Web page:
The Landmarks Commission of the City of Chicago has researched and photographed the remaining single family homes in John Lewis Cochran’s Edgewater development of 1887 and 1889, which is north of Hollywood Avenue from Sheridan Road to Broadway. Where there was once a neighborhood of single family homes and two flats, a number of important homes remain. Many of them were rated orange on the Chicago Resources Survey of the early 1980s. Some are well known because they are owned by institutions, like the two homes at Berger Park and the beautiful home at 6200 N. Sheridan which Sacred Heart Schools is in the process of restoring. Others are known to our members because their owners have participated in one of our Home Tours of the area. But, since the year 2000, seven homes have been demolished in this area.
These remaining homes should be preserved from demolition. The streets of Kenmore, Winthrop and Sheridan Road have an overabundance of housing units and limited parking. Because of a zoning change in 1957, this neighborhood was allowed to become dense. The construction of the four plus ones, which were built lot line to lot line, changed the density dramatically. These buildings were outlawed in the early 1960s, but not before they had caused the demolition of single family homes, two-flats and six-flats. A single lot went from housing 6-15 people to housing 50.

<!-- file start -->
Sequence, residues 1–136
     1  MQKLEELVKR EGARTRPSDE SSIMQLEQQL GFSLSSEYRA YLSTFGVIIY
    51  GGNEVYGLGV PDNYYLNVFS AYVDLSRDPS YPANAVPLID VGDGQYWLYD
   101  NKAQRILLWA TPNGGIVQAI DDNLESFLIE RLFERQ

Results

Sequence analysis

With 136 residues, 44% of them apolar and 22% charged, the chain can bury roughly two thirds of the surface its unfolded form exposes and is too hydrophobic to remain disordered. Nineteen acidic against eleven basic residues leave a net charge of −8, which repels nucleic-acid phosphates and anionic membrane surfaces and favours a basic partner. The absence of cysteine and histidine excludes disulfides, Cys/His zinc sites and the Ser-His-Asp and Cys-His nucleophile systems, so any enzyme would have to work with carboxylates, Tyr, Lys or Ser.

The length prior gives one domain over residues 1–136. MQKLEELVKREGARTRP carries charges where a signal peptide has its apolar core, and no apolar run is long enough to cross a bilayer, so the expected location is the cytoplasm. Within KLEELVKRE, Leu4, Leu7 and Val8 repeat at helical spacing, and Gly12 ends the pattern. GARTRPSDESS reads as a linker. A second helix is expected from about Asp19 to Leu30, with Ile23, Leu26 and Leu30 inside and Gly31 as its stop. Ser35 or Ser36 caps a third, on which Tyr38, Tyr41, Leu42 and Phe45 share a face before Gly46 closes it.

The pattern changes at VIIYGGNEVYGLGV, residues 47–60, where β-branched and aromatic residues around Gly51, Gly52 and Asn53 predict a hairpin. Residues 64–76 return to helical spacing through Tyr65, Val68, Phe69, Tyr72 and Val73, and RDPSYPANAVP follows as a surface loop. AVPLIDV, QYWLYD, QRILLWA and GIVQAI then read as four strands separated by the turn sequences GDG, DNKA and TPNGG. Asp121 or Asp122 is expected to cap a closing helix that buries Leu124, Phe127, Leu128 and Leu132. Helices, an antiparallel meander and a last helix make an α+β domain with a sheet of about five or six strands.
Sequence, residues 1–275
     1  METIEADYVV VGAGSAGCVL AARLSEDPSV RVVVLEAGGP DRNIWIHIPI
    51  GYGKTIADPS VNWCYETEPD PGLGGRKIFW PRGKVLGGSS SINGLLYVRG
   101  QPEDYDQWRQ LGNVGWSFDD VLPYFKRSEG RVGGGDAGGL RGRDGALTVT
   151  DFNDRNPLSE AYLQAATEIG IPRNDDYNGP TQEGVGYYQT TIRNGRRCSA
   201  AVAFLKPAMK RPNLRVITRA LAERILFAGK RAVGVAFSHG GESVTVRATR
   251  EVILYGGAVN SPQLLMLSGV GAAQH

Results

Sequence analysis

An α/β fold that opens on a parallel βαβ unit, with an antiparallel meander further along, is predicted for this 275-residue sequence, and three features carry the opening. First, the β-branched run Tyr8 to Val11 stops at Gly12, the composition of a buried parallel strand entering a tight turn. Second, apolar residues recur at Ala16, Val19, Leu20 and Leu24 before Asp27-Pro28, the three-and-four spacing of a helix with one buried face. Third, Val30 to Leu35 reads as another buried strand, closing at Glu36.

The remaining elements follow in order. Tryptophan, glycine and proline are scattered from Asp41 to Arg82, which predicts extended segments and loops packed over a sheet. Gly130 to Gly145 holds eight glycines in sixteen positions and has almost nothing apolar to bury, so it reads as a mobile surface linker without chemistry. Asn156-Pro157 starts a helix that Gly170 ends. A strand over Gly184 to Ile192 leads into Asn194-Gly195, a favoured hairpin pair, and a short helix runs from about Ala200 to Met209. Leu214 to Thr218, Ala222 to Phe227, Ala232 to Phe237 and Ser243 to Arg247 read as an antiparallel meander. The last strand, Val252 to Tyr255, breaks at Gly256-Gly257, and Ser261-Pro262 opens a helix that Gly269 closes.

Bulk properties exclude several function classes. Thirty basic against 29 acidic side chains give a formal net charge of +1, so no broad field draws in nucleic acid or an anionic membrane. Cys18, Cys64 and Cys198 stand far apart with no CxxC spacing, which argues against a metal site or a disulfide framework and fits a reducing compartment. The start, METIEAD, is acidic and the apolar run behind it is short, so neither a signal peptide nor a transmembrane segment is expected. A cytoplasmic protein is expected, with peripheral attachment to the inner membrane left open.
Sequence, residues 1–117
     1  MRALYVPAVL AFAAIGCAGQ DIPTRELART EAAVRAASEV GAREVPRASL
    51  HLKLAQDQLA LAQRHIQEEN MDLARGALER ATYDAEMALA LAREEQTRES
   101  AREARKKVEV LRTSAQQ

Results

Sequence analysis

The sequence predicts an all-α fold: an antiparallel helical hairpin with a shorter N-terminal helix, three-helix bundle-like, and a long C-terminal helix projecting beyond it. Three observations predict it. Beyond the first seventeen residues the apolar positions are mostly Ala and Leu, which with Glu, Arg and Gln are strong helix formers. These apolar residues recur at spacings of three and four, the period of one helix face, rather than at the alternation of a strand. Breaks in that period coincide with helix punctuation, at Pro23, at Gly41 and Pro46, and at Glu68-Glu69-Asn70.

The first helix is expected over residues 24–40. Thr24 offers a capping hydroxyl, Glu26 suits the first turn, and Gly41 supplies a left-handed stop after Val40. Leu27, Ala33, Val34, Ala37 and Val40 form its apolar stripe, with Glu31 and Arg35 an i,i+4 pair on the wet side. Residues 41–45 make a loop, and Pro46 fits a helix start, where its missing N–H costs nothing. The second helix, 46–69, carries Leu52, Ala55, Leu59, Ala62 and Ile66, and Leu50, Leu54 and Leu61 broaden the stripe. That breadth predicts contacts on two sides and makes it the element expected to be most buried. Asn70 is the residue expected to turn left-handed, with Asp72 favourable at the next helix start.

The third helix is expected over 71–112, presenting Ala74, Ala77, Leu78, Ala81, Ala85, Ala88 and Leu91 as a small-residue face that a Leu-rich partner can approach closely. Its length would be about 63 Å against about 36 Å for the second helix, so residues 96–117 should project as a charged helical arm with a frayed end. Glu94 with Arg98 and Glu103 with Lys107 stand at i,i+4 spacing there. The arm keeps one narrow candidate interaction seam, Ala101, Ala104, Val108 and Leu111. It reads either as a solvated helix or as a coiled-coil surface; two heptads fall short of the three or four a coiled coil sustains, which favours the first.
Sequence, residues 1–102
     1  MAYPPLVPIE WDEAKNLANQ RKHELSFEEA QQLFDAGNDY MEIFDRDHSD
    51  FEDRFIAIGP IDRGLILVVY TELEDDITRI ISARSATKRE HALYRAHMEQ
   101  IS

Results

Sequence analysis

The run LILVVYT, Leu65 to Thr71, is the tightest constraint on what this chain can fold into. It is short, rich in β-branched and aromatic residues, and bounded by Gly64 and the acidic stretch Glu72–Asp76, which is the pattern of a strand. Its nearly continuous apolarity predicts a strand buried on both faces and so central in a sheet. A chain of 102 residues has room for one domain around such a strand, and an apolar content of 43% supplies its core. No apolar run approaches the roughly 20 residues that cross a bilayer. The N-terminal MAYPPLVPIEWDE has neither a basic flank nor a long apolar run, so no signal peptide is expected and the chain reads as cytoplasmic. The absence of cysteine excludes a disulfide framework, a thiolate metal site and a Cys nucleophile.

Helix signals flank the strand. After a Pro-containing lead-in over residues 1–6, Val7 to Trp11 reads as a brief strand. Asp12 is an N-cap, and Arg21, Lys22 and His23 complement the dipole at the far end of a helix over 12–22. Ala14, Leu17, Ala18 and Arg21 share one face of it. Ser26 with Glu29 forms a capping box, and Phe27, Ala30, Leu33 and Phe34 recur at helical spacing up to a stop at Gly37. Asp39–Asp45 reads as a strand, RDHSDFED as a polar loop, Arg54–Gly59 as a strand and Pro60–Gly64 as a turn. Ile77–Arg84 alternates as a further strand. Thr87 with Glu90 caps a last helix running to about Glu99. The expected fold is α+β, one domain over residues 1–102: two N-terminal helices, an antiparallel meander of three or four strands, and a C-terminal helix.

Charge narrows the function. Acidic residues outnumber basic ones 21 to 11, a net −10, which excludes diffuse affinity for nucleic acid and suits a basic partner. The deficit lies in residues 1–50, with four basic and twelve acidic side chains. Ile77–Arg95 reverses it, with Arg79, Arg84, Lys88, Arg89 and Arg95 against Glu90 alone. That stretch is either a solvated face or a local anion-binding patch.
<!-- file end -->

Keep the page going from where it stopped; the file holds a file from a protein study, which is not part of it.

Since the 1960s, the community has struggled to preserve the housing stock, which includes a broad range of options that foster economic diversity. The neighborhood is cosmopolitan in style and these landmark quality homes contribute to the diversity.
By preserving these high quality homes, the community would be preserving a part of community history – the earliest part. Without the earliest part, all sense of the community development that was initiated by John Lewis Cochran would be lost. Without this earliest part of community history, the later stages of development will always seem disconnected.
Since 1999, the Edgewater Historical Society has called for the preservation of these remaining homes. Yet, one by one, important homes have been demolished. Now that the City of Chicago is looking at the community history that they represent, it is time to stand up and support the preservation of these historic buildings. Landmarking is Constitutional and has proven effective in legally preventing demolition or disfiguring of designated homes. We believe the community should support the use of this important tool now that it is being offered for the first time.